Equity Crowdfunding: What Does the Future Hold?

This piece firstly appaeared on The Market Mogul.

According to a new report, 17 crowdfunded companies have successfully exited over the past five years in Israel. Israel, also known as the “startup nation”, is one of the most vibrant entrepreneurial scenes in the world and has recently seen the launch of a new equity crowdfunding marketplace, iAngels. One of its co-founders, former Goldman Sachs analyst Shelly Hod Moyal told Dealbreaker.com that:

“Crowdfunding was already gaining momentum and it felt so right at that point in time. An opportunity to make a mark, to create something good and impactful for Israel by helping export Israeli tech abroad.”

Israel’s global traction is confirmed by its most representative equity platform, Ourcrowd, which delivered 88% of the aforementioned exits. The company has, in fact, announced the opening of a new branch in Madrid because it sees Spain as the “gateway to South America”. The firm, which already has a global presence via its offices in the US, Canada, Australia, and Singapore, has also set up a business partnership with Cardumen Capital, a Spanish-Israeli venture fund looking for investment in tech.

Ourcrowd’s latest alliance follows ones with the United Overseas Bank Limited (UOB) in Singapore, The National Australia Bank (NAB) in Australia and The Shanghai Commercial & Savings Bank (SCSB) in Taiwan. However, Ourcrowd it is not the only equity crowdfunding platform that has been looking for international expansion.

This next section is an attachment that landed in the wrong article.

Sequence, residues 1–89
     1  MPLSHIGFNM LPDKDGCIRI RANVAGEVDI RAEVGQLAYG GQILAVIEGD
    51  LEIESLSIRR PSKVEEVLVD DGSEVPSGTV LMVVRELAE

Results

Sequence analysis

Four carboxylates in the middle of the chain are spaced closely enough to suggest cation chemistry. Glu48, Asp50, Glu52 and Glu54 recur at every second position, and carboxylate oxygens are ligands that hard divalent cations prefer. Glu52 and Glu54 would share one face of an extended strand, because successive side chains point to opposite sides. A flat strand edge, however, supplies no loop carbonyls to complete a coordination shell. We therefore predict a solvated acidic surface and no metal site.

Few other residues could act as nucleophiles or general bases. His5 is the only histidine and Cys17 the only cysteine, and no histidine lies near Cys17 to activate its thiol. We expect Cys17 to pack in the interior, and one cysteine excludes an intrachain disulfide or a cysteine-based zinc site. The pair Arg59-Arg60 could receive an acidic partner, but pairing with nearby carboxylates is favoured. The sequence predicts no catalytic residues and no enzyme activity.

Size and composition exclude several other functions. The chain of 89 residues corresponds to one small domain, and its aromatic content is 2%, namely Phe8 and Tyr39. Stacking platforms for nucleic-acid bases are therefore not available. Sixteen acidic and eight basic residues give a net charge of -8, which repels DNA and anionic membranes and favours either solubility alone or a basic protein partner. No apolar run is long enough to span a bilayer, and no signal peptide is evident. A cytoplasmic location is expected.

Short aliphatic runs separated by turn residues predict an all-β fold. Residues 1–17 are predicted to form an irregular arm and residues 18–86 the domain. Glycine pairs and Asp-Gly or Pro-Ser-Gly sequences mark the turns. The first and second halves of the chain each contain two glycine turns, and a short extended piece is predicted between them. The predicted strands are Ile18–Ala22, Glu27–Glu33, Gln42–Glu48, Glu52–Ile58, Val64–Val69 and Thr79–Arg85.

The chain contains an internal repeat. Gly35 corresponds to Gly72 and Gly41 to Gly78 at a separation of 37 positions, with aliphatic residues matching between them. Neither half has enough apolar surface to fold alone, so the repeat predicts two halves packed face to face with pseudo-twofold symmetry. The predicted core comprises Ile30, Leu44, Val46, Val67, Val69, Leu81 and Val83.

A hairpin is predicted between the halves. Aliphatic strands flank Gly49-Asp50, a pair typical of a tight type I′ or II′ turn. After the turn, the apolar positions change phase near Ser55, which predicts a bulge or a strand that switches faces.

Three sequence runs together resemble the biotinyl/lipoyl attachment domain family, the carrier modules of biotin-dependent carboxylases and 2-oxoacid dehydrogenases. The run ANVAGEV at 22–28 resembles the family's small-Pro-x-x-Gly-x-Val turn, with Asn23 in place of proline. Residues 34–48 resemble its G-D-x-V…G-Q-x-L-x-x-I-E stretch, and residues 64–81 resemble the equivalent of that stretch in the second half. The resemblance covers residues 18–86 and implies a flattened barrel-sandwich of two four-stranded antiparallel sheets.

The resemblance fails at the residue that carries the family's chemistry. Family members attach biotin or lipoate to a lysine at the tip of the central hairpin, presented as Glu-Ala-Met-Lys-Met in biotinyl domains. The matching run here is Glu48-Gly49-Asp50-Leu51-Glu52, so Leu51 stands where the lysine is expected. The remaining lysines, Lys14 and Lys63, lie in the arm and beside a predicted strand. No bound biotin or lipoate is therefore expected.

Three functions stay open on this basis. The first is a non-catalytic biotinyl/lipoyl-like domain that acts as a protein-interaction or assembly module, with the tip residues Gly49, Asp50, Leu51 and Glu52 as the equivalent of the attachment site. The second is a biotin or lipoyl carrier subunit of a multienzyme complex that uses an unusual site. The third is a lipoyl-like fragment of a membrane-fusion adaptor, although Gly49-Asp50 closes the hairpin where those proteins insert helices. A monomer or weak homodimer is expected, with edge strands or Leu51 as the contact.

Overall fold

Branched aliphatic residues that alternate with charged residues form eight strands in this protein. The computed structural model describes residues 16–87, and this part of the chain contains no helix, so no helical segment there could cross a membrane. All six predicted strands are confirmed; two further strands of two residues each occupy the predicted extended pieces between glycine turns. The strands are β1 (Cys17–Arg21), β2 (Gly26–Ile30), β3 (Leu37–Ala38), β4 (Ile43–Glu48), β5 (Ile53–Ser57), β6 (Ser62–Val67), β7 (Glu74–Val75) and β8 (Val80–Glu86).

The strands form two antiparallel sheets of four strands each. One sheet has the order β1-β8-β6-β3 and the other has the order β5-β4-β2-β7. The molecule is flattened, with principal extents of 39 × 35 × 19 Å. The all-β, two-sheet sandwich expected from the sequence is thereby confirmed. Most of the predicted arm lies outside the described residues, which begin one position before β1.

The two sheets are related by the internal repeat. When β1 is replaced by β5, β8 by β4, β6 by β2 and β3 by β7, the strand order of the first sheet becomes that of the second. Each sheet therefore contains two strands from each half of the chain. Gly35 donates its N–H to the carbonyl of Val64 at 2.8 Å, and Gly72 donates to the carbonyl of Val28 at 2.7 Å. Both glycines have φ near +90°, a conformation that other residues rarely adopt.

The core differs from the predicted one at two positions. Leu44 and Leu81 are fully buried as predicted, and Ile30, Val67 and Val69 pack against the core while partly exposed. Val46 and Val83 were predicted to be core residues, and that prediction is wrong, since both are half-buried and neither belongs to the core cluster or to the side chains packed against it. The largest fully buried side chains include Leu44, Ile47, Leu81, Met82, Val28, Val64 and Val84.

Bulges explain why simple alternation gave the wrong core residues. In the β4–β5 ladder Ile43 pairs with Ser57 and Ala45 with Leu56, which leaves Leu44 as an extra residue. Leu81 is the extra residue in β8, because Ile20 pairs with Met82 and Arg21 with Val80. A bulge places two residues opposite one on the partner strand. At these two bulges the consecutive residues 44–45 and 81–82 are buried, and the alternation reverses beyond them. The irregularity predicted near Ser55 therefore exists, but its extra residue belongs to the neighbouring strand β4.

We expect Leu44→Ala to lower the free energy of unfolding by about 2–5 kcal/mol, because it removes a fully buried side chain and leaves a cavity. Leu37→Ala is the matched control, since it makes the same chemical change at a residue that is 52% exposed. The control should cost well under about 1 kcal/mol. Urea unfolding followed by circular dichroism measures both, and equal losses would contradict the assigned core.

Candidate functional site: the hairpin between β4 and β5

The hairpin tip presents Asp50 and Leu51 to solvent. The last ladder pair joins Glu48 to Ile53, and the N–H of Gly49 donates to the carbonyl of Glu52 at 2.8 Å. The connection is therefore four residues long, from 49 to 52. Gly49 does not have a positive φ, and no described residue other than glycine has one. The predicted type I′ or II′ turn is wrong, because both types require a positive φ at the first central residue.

The Competition Intensifies

In the UK, for instance, Crowdcube, the largest equity crowdfunding platform in the country, recently reported 70 crowdfunding offers listed in Q3 2017. Furthermore, the company announced a new partnership with the American platform SeedInvest with the aim of giving British investors access to the American market.

In the Nordics, both leading market companies, FundedByMe and Invesdor, are fostering their internationalisation plans. FundedByMe recently announced the start of operations in South America via its Mexico branch as well as the opening of a new office in Dubai to take the lead of the UAE market in partnership with its Finnish partner, Around/Privanet, thereby confirming that crowdfunding is experiencing tremendous growth in the APAC region. Invesdor, which defines itself as “the largest equity crowdfunding platform in the Nordic region in terms of volume and turnover”, instead continues to focus on the Nordics as they launched in Sweden with Sharpfin campaign.

Lasse Mäkelä, CEO of Invesdor, claimed that Sweden will be an important market for the Finnish platform by saying:

“It is going to be a big one; we’re launching in Sweden with a bang. Swedish investors are very experienced and savvy, and we have learnt that they are hungry for more alternative investments.”

What Next?

On the one hand, these strategic moves suggest that has always been inherently global. However, on the other, crowdfunding platforms are increasingly seeking growth through internationalisation as a way of fostering diversification among their investment offerings. While Crowdcube, for example, opted for an access alliance, FundedByMe has chosen a complementary approach while Ourcrowd utilised a mix of the two.

Therefore, these partnerships raise a key question: since alliances bring companies together to collaborate, could this trend possibly represent a further step toward the creation of new financial conglomerates over the next decade?

 

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